Chest computed tomography: fibrocavitary tracts in both upper fields, with signs of air trapping, panlobular emphysema, nodular opacities in both lungs, and bilateral pleural thickening.


One week after admission to the ICU, bronchoscopy was repeated, with similar findings and negative PCR for Mycobacterium tuberculosis (GeneXpert®, Cepheid). After extubation, a Stage IVA epidermoid carcinoma at the base of the tongue was diagnosed. Three weeks later, AARB growth was observed in 2 bronchial aspirates obtained on bronchoscopy. Solid phase hybridization was performed using GenoType® Mycobacterium CM/AS (Hain Lifescience, Germany), but the strain could not be identified, so it was sent to the Mycobacteria Genetic Group of the Universidad de Zaragoza, where it was identified as Mycobacterium szulgai (M. szulgai). Treatment began with rifampicin 600mg, ethambutol 600mg, and azithromycin 250mg/day, and continued for 10 months until she died due to tumor progression. Initially, despite treatment for her cancer with chemotherapy and radiation therapy, the patient's clinical and radiation therapy progress was good, and no M. szulgai growth was encountered in follow-up sputums.

According to the ATS/IDSA criteria, isolation of M. szulgai is associated with real lung disease to a greater extent than other NTM.5,6 Although it has been described in immunosuppressive states and with the administration of drugs, cancer, and HIV infection, this association is considerably rarer than with other NTM.7–13 It is highly unusual for a diagnosis of M. szulgai to be the first manifestation of an underlying tumor, but the patient presented other risk factors for developing the disease, such as chronic alcoholism, smoking, and COPD.

It is more common in men (>85% of patients reported), and can appear at any age, although most individuals are, on average, around 50–60 years old. In over 2 thirds of patients, disease is limited to the respiratory system, and the radiological and clinical picture is indistinguishable from that of M. tuberculosis and other NTM. Extrapulmonary disease and disseminated disease have also been described in immunocompromised patients.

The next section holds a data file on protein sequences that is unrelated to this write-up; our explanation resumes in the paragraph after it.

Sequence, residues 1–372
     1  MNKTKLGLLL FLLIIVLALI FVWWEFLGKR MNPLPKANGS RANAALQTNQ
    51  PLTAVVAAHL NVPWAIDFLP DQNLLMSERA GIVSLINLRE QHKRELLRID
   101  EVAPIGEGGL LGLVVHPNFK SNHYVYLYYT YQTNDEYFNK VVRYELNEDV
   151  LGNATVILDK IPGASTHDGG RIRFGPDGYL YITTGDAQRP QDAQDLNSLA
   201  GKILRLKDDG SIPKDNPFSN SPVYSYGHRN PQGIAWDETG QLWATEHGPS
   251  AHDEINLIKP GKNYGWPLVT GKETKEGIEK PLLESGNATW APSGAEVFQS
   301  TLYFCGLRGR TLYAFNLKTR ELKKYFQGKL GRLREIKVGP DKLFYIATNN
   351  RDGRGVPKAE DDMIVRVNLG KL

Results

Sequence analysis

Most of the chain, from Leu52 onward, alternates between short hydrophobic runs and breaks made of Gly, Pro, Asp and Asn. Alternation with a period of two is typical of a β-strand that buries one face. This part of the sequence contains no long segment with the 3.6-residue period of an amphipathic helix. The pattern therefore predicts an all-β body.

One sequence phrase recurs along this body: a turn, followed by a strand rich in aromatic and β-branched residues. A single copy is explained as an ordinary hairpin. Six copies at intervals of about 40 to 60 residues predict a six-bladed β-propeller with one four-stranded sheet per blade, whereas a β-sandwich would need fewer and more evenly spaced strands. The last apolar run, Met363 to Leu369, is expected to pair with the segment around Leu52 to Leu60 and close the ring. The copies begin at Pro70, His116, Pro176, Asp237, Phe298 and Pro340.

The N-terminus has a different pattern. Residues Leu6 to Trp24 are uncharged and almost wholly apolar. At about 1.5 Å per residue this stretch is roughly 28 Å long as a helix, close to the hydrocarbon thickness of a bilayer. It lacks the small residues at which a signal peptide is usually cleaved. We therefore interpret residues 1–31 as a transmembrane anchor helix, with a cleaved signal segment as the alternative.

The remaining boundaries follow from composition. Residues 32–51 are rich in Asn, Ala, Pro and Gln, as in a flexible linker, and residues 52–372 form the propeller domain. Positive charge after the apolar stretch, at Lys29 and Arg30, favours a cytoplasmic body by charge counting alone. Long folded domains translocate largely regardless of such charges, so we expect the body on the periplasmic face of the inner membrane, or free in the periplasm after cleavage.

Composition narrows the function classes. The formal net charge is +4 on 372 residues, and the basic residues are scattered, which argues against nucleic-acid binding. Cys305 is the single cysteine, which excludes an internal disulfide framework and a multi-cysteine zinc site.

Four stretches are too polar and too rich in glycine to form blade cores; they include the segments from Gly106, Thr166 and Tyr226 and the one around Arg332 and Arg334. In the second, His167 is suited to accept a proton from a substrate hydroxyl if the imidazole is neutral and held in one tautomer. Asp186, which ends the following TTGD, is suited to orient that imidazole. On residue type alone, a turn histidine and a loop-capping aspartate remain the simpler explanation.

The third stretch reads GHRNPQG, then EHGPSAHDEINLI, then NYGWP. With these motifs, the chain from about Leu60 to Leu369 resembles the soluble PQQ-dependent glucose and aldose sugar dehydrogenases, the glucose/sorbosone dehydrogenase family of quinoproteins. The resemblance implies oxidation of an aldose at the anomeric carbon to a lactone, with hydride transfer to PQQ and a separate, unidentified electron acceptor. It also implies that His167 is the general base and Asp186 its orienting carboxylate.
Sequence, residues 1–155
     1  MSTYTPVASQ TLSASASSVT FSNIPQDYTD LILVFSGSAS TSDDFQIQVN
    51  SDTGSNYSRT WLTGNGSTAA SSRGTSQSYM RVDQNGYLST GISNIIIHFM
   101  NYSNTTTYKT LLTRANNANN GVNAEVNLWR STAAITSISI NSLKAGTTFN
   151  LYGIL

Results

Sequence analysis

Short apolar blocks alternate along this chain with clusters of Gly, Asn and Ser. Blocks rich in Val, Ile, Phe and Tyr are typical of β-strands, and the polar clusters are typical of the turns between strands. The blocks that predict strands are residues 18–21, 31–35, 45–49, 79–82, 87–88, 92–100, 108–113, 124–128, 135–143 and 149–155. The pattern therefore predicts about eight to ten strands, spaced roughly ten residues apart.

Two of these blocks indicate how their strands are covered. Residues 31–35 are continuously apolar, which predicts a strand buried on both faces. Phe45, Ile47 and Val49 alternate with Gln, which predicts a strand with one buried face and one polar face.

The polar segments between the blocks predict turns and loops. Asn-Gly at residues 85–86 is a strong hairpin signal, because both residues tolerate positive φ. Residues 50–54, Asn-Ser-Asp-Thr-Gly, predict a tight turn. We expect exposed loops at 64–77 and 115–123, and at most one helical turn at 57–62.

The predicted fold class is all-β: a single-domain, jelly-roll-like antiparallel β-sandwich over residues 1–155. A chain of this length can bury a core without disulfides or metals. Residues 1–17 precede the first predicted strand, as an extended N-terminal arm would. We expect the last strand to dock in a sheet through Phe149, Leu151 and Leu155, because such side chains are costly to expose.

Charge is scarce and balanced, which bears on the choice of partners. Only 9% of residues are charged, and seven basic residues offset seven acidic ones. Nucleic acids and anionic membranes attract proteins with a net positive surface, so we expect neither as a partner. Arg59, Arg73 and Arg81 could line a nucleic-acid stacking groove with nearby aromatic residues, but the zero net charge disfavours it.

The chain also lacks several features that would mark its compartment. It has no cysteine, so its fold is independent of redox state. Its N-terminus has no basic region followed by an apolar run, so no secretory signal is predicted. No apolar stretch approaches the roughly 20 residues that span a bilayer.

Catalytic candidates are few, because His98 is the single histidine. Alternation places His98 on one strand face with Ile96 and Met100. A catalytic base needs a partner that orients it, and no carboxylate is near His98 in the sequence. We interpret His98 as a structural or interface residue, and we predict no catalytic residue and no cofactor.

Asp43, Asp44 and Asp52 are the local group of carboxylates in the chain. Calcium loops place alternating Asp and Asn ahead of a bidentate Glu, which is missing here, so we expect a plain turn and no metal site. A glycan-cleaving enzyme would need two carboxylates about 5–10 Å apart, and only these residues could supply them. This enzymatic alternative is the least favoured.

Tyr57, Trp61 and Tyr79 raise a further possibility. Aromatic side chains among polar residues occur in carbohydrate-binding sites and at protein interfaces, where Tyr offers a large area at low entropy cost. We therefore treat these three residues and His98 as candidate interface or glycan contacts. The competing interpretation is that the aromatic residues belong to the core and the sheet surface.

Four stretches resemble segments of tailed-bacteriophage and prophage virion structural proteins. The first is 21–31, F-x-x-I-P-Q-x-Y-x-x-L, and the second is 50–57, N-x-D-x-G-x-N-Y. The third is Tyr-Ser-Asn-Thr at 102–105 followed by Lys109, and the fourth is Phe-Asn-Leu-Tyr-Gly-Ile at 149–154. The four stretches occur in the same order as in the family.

In line with the ATS/IDSA guidelines, Philley and Griffith recommend a combination of at least 3 oral drugs: ethambutol 15mg/kg/day, rifampicin 600mg/day or rifabutin 150–300mg/day, and azithromycin 250mg/day or clarithromycin 500mg/12h, or moxifloxacin 400mg/day, for at least 12 months after a negative culture: most patients respond well.14

The patient met ATS/IDSA criteria for pulmonary disease due to M. szulgai, since she had consistent radiological lesions on Rx and CT, M. szulgai was isolated in 2 samples of bronchial aspirate obtained 1 week apart, and the presence of other mycobacteria, other pathogens, and lung cancer were ruled out. Clinical and radiological progress of the infection with rifampicin, ethambutol, and azithromycin treatment was good, even though the patient later died due to progression of the tumor at the base of the tongue.


We would like to thank Dr. Sofia Samper of the Mycobacteria Genetic Group of the Universidad de Zaragoza for her kind assistance in identifying M. szulgai.

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Please cite this article as: Milagro Beamonte A, Briz Muñoz E, Torres Sopena L, Borderías Clau L. Enfermedad pulmonar producida por Mycobacterium szulgai. Arch Bronconeumol. 2017;53:353–354.